Local Opposition Councils Act As Government In Parts Of Syria
MELISSA BLOCK, HOST:
To Syria now, where rebel forces are claiming a string of territorial gains, including six towns in the central province of Hama. As the fighting continues, there are also diplomatic efforts to establish leadership that could take over when Bashar al-Assad's regime falls. This month, more than 100 nations, organized as the Friends of Syria, backed an opposition coalition to replace Assad.
Now local councils loyal to that coalition are beginning the work of government in rebel-held areas. NPR's Deborah Amos has been in Syria's northern provinces over the past few weeks. She joins me now from Istanbul. And Deb, talk a little bit about who is in these local councils and what they're doing.
DEBORAH AMOS, BYLINE: Melissa, I recently spent an afternoon listening to the debates of the local council for Idlib province. These are 18 people, activists, mostly professionals, lawyers, a pharmacist, a baker. There were three women in the group. And like most local governments, what they were debating was their budget, $800,000. It's the Idlib province share of an $8 million donation from the Gulf state of Qatar.
This is the first international donation that came directly through the Syrian coalition now recognized by the U.S., and these councils in all of Syria's 14 provinces, are directly linked to that coalition. So the idea is to create a pipeline of funds down to the grassroots.
BLOCK: You mentioned, Deb, that the U.S. now recognizes this coalition, as well. So apart from the money from Qatar, is the U.S. or any other country sending financial support to these councils?
AMOS: I have seen no evidence that the U.S. is sending any money to these local councils or to the coalition. An activist from Barzay, a neighborhood in Damascus, told me that local council members from seven neighborhoods in the capital slipped out to Jordan to pick up $300,000 from the French. Now, the money is to get these councils up and running - again, from the French to the newly recognized coalition and down to the grassroots.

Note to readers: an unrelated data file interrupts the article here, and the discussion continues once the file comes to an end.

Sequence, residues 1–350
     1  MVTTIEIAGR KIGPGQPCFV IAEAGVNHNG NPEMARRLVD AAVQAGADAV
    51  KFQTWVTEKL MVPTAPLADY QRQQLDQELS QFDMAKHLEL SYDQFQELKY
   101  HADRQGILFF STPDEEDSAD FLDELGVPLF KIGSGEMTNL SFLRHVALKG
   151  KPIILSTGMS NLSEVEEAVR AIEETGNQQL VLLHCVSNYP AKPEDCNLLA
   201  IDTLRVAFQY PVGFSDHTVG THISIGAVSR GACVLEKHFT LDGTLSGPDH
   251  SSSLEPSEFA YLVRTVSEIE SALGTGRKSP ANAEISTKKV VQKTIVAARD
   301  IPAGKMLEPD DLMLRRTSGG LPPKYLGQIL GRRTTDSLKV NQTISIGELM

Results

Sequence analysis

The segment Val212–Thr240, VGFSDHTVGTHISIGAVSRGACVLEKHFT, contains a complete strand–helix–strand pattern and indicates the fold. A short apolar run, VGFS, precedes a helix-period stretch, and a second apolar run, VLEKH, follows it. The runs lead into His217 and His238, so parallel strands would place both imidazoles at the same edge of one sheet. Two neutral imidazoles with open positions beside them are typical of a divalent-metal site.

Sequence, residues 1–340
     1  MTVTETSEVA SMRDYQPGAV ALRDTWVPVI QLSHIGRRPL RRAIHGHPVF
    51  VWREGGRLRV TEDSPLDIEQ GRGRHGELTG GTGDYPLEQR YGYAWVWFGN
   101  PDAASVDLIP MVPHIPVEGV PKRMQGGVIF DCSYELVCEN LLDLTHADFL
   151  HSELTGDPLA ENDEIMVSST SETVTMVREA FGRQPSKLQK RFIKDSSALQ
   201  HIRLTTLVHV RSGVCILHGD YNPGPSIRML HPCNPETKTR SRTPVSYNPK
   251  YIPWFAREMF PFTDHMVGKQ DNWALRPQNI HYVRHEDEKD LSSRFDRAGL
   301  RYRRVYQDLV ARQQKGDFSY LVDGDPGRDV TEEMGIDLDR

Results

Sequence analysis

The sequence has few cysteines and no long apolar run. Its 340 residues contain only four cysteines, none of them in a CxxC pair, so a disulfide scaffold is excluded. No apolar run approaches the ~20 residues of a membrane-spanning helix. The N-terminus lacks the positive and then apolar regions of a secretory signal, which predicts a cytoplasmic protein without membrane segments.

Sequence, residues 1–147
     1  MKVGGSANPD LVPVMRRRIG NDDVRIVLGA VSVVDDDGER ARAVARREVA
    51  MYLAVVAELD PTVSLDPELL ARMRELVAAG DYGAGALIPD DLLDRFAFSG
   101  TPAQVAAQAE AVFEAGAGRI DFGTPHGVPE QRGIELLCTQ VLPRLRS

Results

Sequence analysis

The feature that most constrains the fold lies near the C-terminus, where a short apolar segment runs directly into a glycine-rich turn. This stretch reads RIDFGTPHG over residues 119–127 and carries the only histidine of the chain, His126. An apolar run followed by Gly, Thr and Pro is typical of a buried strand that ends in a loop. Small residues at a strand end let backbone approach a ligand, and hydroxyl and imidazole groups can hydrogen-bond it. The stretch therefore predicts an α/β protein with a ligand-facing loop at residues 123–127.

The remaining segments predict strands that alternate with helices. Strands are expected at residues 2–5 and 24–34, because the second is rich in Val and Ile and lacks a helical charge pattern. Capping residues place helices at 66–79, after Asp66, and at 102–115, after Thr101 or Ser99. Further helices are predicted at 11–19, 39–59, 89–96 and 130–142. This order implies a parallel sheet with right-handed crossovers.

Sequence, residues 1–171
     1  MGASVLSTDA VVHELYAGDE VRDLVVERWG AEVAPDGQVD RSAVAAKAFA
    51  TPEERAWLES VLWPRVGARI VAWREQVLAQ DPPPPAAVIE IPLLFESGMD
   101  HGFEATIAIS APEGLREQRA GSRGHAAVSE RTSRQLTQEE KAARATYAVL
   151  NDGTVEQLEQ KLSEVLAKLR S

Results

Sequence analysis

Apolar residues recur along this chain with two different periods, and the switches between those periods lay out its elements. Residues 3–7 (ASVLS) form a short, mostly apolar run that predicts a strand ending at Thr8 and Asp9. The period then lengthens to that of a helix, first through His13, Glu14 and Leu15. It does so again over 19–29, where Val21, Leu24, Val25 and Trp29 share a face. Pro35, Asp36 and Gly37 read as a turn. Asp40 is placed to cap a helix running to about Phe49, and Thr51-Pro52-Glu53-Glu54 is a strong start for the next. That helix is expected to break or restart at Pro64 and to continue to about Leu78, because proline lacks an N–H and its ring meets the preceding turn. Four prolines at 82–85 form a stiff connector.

For the councils, there's a humanitarian crisis in the country. Flour and fuel are in short supply. The electricity is off in many places. It's snowing here in Istanbul, so it is very grim in Syria. So these councils are now in crisis management. They have to get fuel and flour into these cities where the bread lines are up to six to eight hours long.
BLOCK: And do these local council members have any real authority in these areas where rebels are fighting?
AMOS: They have legitimacy among activists and some rebel groups are represented on the council. What counts is the larger population, and they are desperate as it gets colder and the food's running out. So the bread crisis is a test. For example, in Aleppo, there's a 250 member transitional revolutionary council. The head is a 67-year-old civil engineer. His name is Dr. Jalal Kangi(ph).
They got $1 million from the Qatar donation and what they did this week is they made a deal with the Turkish government to allow donated fuel intoAleppo without paying taxes. Dr. Kangi and his advisors say they have to get 1,200 tons of flour into Aleppo to feed people. So you can see that this million dollars doesn't go very far.
BLOCK: Deb, you've been reporting a lot on how fragmented the various rebel groups are in Syria. And let's talk a bit about the radical Islamist groups - for example, the al-Nusra front. Would those groups accept a civilian democratic leadership in Syria like these local councils would represent?
AMOS: Not at all. Al-Nusra has been very specific. In YouTube videos they are fighting for an Islamic state. The council represents activists. In the early days of the revolt, these were the people that were leading the peaceful protests and these are the people who want a civilian democratic Syria. When you ask them about the radical Islamists, what they say is money will make the difference.
If the councils can show they can govern; if they can supply bread, fuel; if they can get a police force operating; they can blunt the radical argument. They can't make it go away. The longer the war goes on, the more sectarian it will be and the stronger the Islamists become. Dr. Kangi in Aleppo, said you have to begin this funding now. Syria is a ruined country but the aid is only trickling in.
BLOCK: That's NPR is Deborah Amos, who's been reporting from northern Syria over the past few weeks. She's now in Istanbul. Deborah, thanks so much.
AMOS: Thank you, Melissa. Transcript provided by NPR, Copyright National Public Radio.